You can also learn eight different spells in the game, and they’re pretty standard – Cure to restore HP, Heal to cure status ailments, Sleep puts your enemies to sleep, and Nuke shoots a massive fireball at enemies (just to name a few). Unlike traditional RPGs, you get these spells at certain plot points in the game, and some of them are necessary to move the plot forward – such as using Nuke to destroy a crystal that blocks access to a hidden tunnel.
Throughout the game, you will collaborate with certain NPCs who will travel with you. Each one of them can help you in a certain way. By utilizing the “Ask” command on the pause screen, and depending on which character you have, you may slowly regenerate your HP, completely regain your MP, buy items and weapons, or change the music (because reasons). One character who you frequently collaborate with happens to be a chocobo, who thinks your his mother. When you ride him, you won’t be attacked by enemies, and you can move a lot faster . Later in the game, he will get cybernetic upgrades, which allow him to walk on water, thus gaining you access to otherwise inaccessible areas on the map.
The only downside to using the chocobo is that you will constantly have to “Ask” it to follow you, especially when you exit a dungeon. Once, I had to backtrack all the way across an island to get him, because I forgot he doesn’t automatically follow me. It was a minor pain in my ass, but I never forgot after that moment.
I love the music in this game. If you were to ask me about what the Game Boy can do audibly, I would direct you to this game. Every track is capable of conveying an emotion, such as anxiety, sorrow or enjoyment. Kenji Ito has done a phenomenal job on the tracks, and Nobuo Uematsu’s “Chocobo’s Birth,” despite being the weakest track, is still awesome. That’s right, even the weakest track in this game can curb stomp most of the other tracks in the Game Boy’s library.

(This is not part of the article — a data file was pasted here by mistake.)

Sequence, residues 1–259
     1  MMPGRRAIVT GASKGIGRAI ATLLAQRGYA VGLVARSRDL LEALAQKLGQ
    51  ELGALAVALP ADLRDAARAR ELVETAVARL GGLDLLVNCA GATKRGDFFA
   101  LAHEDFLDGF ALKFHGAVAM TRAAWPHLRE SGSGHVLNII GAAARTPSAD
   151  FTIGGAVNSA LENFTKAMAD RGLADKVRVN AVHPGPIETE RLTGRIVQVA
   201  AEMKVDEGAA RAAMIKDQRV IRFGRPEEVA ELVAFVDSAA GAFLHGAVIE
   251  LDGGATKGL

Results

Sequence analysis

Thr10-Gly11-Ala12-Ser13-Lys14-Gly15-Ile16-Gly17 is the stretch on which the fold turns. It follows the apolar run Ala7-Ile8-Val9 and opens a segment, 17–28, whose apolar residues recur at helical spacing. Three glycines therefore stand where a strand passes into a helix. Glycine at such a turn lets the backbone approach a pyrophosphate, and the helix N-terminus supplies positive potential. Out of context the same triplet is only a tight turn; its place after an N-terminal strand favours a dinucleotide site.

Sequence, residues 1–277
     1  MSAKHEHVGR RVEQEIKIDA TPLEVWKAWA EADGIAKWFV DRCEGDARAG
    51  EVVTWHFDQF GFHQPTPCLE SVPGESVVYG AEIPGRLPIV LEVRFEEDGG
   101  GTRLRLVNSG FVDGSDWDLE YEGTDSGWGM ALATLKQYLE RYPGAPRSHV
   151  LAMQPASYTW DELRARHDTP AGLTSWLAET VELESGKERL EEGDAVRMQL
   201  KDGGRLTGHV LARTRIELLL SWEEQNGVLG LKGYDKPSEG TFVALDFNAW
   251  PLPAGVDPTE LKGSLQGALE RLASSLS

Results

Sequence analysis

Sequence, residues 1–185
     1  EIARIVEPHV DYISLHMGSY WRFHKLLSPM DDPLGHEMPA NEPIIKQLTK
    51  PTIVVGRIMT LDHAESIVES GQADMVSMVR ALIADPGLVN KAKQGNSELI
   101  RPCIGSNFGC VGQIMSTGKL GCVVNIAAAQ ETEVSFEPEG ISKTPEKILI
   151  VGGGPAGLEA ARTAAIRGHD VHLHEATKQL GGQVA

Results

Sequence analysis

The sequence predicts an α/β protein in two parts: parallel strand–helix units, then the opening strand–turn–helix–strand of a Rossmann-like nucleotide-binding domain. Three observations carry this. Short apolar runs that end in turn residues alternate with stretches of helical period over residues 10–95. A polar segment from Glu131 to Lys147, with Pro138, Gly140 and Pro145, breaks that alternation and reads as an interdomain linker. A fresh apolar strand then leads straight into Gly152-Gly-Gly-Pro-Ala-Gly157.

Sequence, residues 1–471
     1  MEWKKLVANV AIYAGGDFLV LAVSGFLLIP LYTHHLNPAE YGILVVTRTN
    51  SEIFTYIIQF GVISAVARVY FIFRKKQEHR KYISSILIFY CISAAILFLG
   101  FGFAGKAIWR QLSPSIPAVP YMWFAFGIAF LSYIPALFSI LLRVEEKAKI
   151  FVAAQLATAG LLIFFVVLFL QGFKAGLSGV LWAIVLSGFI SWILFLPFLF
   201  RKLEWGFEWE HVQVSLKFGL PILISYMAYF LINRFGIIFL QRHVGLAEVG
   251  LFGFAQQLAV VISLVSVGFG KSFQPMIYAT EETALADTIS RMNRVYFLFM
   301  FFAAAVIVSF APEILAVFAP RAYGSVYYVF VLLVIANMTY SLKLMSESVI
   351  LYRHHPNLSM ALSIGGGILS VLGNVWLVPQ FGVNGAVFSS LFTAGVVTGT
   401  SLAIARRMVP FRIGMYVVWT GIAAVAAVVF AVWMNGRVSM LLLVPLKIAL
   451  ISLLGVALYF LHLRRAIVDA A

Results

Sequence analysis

Now, I’m gonna tell you something I’ve never told anyone before…
This was the first game to affect me emotionally. Not just because of the music, but because you will have to make a hard choice near the middle of the game. For the sake of spoilers, let’s just say that one NPC you collaborate with gets injured, and you have to do something…merciful. The first time I realized what I had to do, it shook me to my core. Never before had a game I played asked me to do anything like that. The aftermath left me in tears (I was ten, at the time BTW).
Even though I typically play this game once every few years, I enjoy it every time I play it. It’s emotional, yet mentally soothing at the same time. It brings me back to a youth I wish to experience again, and makes me look forward to a future I’ve yet to experience. True, there are better RPGs out there, but this one will always have a place in my heart, and I know most of you have an RPG that you feel the same way about, too.